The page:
South Cumberland State Park | Grundy, Franklin, Marion and Sequatchie counties
The South Cumberland State Park, home to miles of popular hiking trails and waterfalls, offers one proper campground at Foster Falls and over 100 backcountry camping locations. The Foster Falls Campground has 26 rustic campsites for tents or small trailers, with a fire ring and picnic table at each site. Open year-round, the campground is located in a shady, wooded area without any water or electricity hook-ups. Restrooms and heated showers are available, however. The campground is a short distance from the southern terminus of the Fiery Gizzard trail and the 60-foot tall Foster Falls. Elsewhere in the park, there are numerous campsites, group campsites and one cabin located at 12 backcountry campgrounds along the Fiery Gizzard and Savage Gulf trails. Each site has fire rings and a pit toilet. Most of the campsites can only be reached by hiking, though some are close to parking lots. Water must be sourced naturally and filtered or brought from outside the park. The group campsites can accommodate 30-60 people, while the other sites can accommodate four adults and two children. The Hobbs Cabin can host six people. All campsites require reservations.
Tims Ford State Park | Winchester
Visitor center: 931-962-1183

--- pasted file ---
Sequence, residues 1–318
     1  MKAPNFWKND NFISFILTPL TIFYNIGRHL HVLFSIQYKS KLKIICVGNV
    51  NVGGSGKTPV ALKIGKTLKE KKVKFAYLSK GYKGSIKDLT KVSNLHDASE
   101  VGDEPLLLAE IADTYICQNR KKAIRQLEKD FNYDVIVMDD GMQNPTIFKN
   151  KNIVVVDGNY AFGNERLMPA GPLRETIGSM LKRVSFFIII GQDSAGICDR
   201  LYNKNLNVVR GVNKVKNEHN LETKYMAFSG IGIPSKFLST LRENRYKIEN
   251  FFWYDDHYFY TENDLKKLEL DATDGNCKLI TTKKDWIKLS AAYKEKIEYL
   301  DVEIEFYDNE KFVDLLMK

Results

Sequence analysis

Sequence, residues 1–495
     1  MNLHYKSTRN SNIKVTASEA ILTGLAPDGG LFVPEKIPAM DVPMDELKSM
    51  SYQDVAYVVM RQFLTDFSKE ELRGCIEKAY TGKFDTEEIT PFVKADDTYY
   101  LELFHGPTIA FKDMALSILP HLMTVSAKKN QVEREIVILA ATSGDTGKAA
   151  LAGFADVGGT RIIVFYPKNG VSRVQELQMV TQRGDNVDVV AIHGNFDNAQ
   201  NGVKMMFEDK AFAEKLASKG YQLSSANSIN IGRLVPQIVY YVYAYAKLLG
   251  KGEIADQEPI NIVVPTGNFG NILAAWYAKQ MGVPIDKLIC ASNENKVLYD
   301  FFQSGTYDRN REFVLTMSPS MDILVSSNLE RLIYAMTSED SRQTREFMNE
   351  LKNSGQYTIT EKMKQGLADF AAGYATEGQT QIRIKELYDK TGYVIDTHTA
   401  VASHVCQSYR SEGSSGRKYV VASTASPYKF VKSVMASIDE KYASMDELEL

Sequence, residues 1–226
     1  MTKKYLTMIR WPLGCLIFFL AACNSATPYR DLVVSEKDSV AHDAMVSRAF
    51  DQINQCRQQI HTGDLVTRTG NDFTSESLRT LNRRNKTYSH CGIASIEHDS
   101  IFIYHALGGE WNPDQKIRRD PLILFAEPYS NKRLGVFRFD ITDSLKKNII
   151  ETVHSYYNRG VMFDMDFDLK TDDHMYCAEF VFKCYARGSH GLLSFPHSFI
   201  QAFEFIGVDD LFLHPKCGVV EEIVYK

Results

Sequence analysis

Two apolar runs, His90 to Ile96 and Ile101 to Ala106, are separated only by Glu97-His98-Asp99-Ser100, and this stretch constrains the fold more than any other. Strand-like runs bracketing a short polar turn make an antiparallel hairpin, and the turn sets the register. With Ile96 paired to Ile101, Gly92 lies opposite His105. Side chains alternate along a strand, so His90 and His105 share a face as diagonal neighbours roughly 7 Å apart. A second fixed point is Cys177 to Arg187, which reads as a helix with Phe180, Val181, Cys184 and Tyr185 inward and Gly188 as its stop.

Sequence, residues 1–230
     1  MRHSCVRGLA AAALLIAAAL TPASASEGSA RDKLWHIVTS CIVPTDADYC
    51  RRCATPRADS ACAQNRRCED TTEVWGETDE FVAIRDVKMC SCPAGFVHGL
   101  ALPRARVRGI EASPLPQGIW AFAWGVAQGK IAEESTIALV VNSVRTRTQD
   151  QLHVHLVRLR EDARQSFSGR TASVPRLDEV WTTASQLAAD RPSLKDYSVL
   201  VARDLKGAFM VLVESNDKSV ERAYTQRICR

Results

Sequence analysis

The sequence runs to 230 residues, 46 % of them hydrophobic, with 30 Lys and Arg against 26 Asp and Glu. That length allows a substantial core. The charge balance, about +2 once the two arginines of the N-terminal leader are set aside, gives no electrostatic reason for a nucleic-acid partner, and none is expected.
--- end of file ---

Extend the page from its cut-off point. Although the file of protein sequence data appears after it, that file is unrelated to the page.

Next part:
Main campground: 931-962-1182
Fairview campground: 931-967-4230
The picturesque Tims Ford State Park, located on a large reservoir in Winchester, is home to two campgrounds and numerous primitive campgrounds. The main campground, located near the visitor center (570 Tims Ford Drive, Winchester), swimming pool, hiking trails, golf course, marina and the park’s restaurant, is open year-round and offers 52 campsites, water, 30-amp electric hookups, bathhouses and a sewage disposal station for its campers. The campground is located on a woody bluff, a short walk to the lake, and also has a playground for children and spots for primitive camping. Tims Ford’s other large campground, Fairview, is open from April to October and has flatter sites that are more accommodating to large rigs. Like the main campground, Fairview possesses water, a sewage disposal station, a bathhouse and better electric (50, 30 and 20 amp), in addition to a pavilion, a volleyball court and 30 more campsites. This campground is located about 8 miles from the visitor’s center and closer to Winchester. The Fairview campground is also located directly on the lake, with less tree coverage, allowing campers to pull their boats up directly to their sunny campsites. At the end of March, 18 of Fairview’s campsites are auctioned off to buyers for the entirety of the 6-month season. Picnic tables, fire rings and accommodations for either RVs or tents are available at both locations. Reservations are required.
Tims Ford also offers primitive camping to its visitors, located at each of the six islands in the reservoir, and along the park’s hiking trails. The Turkey Creek primitive camping site is near a boat ramp, for those hoping to camp and fish during their stay, and another location is available on the 13 mile out-and-back Ray Branch bike trail. These camping sites require a free permit to utilize them.